This is not fiscally responsible. The Town cannot afford the debt service.
Government utilities are wrought with fraud, even in our neighboring municipalities.
Seizing EPCOR, at great public expense, the cost could likely run well over $20 million.
NM has tough eminent domain laws and if the Town “loses” the lawsuit, us taxpayers will be liable for EPCOR’s legal expenses too.
I have long proposed working with both public and private entities to accomplish our community goals. Partnering with EPCOR, the Town could just as easily invest in capital projects through grants and other sources available to governments. This allows fiscal responsibility, no more legal fees ($80,000 so far!), a productive way to ensure fiscal responsibility while gaining all the advantages of EPCOR’s certified water and wastewater operators, engineers, water quality specialists, planners, and 24/7 customer service—something our small town could not possibly afford on its own.
Public-private partnerships are successful in many New Mexico communities. I see this option as an investment in our community without costly legal wrangling, without adding significant long-term debt to the town, without operational concerns, without additional town staffing expenses, and without causing significant increases for water rate-payers or Edgewood taxpayers that inevitably come with an adversarial condemnation action.
A hostile takeover of EPCOR, for no pertinent reason, is a financial sinkhole that ultimately means increased taxes, water rate hikes, lack of PRC oversight, and the loss of other community-desired services like improved roads and parks and recreation (such as much needed youth programs and trails).
I call on EPCOR to innovate ideas and I call on my fellow Council Members and Community to come to the table together on solutions for the region’s hard water. We can make this a big win-win for Edgewood.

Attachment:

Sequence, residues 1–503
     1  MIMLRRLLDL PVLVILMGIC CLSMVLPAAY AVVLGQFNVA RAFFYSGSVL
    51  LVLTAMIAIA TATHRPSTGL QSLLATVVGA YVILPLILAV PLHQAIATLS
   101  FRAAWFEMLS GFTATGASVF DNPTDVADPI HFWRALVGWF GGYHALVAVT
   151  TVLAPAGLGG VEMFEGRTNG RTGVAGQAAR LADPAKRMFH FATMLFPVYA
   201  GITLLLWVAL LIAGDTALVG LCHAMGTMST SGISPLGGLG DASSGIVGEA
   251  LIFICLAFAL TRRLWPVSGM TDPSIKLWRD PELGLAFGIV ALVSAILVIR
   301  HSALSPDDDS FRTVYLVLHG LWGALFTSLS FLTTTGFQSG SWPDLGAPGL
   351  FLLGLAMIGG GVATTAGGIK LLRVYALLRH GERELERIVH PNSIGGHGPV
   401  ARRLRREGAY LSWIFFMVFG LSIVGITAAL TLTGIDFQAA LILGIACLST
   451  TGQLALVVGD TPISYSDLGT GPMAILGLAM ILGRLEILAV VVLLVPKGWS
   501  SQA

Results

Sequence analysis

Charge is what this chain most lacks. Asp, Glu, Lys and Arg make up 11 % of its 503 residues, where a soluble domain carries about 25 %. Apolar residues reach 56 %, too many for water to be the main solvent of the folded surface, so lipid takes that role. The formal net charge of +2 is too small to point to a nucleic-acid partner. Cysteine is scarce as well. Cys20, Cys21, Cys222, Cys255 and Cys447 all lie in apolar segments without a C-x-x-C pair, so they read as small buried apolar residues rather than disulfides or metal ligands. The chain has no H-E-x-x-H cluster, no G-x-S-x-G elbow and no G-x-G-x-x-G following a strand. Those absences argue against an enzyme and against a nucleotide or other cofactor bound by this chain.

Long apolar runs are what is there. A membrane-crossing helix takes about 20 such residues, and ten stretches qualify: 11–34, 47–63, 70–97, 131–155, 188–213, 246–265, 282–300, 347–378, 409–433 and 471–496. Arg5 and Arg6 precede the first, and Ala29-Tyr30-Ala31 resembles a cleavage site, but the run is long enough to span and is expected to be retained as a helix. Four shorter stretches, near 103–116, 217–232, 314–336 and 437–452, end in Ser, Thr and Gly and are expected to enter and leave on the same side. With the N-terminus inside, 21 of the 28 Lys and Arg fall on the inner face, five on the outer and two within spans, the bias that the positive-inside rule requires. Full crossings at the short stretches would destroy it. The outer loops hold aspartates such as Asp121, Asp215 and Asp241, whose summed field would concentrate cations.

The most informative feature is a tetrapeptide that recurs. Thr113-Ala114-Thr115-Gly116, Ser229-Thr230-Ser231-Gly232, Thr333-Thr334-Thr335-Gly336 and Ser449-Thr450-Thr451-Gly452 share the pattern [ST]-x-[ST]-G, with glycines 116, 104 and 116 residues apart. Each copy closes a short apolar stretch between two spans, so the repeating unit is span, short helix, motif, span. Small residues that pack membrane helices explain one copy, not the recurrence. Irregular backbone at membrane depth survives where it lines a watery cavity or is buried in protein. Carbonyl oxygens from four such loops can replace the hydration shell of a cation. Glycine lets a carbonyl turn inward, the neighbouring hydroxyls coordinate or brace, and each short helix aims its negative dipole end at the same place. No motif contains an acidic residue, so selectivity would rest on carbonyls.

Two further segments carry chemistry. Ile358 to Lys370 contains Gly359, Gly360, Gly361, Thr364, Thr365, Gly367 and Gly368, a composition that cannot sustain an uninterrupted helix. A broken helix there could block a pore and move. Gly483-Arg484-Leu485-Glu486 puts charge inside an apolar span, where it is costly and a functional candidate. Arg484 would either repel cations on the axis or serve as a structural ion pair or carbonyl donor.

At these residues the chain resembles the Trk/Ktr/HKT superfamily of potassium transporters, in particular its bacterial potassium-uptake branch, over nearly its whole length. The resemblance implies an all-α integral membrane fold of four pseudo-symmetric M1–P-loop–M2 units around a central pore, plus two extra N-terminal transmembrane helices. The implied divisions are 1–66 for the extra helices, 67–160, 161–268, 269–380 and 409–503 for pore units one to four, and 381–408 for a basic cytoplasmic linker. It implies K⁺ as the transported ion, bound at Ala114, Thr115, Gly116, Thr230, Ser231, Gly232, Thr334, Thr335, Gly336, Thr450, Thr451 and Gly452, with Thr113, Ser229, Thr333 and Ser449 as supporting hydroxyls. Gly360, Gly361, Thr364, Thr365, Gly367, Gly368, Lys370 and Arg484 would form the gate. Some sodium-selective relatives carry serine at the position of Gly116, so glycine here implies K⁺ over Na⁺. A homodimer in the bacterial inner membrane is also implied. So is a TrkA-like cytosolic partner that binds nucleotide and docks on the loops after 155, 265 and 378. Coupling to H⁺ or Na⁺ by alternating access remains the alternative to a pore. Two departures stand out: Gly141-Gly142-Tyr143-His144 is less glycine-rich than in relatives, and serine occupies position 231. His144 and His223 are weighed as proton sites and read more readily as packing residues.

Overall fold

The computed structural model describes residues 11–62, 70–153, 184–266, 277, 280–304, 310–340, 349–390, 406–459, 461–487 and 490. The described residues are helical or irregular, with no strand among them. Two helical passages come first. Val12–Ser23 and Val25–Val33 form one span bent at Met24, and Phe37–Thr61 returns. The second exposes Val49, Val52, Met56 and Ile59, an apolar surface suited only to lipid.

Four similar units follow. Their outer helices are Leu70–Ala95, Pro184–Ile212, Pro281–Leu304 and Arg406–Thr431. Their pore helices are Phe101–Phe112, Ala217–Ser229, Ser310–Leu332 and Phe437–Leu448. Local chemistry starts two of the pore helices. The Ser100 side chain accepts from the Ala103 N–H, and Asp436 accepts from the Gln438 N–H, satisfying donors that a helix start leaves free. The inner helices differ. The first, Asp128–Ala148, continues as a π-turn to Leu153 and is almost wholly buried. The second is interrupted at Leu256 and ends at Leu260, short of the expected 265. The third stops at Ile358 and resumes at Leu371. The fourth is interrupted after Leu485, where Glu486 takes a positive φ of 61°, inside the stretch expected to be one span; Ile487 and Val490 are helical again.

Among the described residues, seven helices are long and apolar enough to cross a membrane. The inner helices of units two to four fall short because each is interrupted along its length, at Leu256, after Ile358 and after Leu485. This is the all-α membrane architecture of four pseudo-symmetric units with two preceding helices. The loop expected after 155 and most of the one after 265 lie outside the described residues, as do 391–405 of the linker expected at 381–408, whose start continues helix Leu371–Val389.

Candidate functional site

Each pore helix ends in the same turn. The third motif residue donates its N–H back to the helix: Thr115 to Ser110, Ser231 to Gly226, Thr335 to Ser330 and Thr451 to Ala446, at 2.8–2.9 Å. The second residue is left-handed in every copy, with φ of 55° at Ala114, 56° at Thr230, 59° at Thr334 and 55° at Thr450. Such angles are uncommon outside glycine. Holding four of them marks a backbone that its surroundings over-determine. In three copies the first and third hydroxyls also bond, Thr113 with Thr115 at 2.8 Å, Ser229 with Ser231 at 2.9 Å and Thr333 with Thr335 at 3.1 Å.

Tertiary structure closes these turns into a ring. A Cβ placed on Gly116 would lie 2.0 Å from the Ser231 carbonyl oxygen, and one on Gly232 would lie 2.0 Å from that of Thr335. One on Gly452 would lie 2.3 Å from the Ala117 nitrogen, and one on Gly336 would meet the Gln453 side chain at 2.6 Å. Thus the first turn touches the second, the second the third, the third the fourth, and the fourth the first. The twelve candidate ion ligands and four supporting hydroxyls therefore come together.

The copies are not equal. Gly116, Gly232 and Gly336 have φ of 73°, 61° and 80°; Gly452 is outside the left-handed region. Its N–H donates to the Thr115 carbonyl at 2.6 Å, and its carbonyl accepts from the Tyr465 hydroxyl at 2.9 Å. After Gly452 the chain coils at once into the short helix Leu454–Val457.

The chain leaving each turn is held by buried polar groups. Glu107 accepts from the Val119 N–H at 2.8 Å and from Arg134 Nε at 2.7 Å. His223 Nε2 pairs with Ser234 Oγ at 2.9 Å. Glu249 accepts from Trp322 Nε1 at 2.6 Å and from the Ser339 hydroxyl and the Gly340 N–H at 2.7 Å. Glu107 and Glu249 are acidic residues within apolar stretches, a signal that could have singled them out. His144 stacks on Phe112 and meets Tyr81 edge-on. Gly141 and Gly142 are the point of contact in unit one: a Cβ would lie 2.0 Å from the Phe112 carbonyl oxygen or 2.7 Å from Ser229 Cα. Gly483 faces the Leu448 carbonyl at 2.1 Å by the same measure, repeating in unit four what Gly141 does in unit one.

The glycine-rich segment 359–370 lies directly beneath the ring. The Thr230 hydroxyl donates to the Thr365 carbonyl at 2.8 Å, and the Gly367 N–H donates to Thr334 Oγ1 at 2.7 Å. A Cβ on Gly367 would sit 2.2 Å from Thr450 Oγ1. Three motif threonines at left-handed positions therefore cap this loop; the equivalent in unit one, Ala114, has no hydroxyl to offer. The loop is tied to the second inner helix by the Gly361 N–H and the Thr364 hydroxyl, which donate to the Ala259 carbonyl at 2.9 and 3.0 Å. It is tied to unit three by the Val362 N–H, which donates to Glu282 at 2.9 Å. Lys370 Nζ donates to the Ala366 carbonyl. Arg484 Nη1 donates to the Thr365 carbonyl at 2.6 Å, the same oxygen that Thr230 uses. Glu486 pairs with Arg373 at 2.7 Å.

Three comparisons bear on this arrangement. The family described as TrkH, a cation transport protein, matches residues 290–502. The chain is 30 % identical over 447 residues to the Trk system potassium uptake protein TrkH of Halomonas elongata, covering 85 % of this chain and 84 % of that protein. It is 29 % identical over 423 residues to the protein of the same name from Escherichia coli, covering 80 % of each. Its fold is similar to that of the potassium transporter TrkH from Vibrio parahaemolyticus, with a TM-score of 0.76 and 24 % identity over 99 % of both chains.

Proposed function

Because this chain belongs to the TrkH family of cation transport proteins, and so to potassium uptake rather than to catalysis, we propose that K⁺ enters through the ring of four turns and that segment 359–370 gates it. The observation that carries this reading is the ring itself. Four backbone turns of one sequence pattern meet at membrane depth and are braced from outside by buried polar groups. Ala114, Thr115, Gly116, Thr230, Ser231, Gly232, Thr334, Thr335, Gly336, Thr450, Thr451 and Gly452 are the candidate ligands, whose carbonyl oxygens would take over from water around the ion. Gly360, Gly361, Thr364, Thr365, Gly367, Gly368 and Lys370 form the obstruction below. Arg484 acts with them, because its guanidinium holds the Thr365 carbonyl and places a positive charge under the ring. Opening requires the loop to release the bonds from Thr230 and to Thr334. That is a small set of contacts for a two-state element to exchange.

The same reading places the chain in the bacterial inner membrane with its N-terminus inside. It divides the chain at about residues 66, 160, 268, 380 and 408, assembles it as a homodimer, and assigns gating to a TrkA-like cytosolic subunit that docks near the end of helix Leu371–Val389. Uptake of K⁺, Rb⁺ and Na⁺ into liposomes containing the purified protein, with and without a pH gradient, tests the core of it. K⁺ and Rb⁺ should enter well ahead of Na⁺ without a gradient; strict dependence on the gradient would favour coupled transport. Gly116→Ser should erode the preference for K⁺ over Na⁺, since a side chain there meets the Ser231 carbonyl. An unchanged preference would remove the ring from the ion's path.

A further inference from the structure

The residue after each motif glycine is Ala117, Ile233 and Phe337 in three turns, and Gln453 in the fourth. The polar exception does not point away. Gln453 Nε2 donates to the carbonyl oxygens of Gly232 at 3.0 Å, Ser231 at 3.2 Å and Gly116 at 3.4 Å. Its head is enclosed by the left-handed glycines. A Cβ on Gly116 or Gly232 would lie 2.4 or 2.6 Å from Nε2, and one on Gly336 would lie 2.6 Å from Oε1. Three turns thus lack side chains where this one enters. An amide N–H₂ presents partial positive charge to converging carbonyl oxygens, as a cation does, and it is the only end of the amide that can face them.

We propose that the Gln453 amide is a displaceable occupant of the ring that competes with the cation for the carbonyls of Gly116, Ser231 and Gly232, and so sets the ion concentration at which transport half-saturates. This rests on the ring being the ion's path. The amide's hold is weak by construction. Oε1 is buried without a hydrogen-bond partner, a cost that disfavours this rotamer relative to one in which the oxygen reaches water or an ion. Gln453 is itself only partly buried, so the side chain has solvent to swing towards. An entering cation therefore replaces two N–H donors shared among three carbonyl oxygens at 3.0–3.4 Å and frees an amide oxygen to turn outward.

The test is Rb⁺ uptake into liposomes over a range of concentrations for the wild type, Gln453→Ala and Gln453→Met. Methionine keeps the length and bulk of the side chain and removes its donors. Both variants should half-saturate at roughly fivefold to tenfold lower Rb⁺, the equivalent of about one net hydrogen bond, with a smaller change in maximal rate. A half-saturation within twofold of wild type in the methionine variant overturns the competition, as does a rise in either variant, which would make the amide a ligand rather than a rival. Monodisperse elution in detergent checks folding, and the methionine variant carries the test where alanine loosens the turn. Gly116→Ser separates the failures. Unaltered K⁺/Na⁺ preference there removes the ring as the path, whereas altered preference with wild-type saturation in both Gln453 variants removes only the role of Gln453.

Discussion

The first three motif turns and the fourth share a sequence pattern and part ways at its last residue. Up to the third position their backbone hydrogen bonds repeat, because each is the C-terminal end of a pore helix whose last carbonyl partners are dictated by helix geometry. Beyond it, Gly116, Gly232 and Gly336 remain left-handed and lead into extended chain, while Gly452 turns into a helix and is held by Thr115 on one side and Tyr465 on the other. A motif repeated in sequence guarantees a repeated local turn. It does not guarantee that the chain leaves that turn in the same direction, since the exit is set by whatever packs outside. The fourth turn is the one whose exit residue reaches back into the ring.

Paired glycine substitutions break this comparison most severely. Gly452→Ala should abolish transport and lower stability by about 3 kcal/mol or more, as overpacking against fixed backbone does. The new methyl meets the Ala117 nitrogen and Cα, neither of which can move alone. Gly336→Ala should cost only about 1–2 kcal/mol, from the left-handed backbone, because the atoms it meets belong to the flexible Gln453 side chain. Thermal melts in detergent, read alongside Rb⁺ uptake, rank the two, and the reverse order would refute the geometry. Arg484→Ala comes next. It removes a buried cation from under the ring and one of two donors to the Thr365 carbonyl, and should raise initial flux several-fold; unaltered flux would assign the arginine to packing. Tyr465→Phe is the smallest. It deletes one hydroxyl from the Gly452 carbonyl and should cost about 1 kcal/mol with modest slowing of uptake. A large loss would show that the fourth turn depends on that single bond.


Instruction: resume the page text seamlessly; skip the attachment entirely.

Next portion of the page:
Audrey Jaramillo, CPA
Edgewood Town Councilor
Either form of Edgewood government will work
I hold no brief for either a mayoral or city manager form of government. I have lived under both, and in my experience one is no better than the other. First my disqualification: Once, at a 1980s town meeting on Cape Cod, a woman in attendance demanded to know what right I had to voice an opinion. (Oddly, I was speaking in support of prohibiting chain stores and promoting local businesses. I explained that I had voted and volunteered in our town, owned and paid taxes on a home in town for nine years. “Ha! That doesn’t make you a native,” she said, sure as Perry Mason that she had exposed my bogus claim to enfranchisement. “You’re just a ‘wash-ashore’!’’
I’ve been living in an unincorporated area of Edgewood only since 2006—so that may discount to some what I wish to say. But for many decades before moving here, I was active in both Boston and Cambridge politics, serving on various committees. Even held a minor office for two terms (until I came to my senses). The Cambridge City Manager was convicted or financial ‘irregularities” and was sentenced to five years. In Boston, under a five-term mayor, I witnessed top-shelf zoning irregularities. (He died, so he decided not to run for a sixth term—Boston joke). If you are wondering, ‘How stupid could voters be?’ You decide.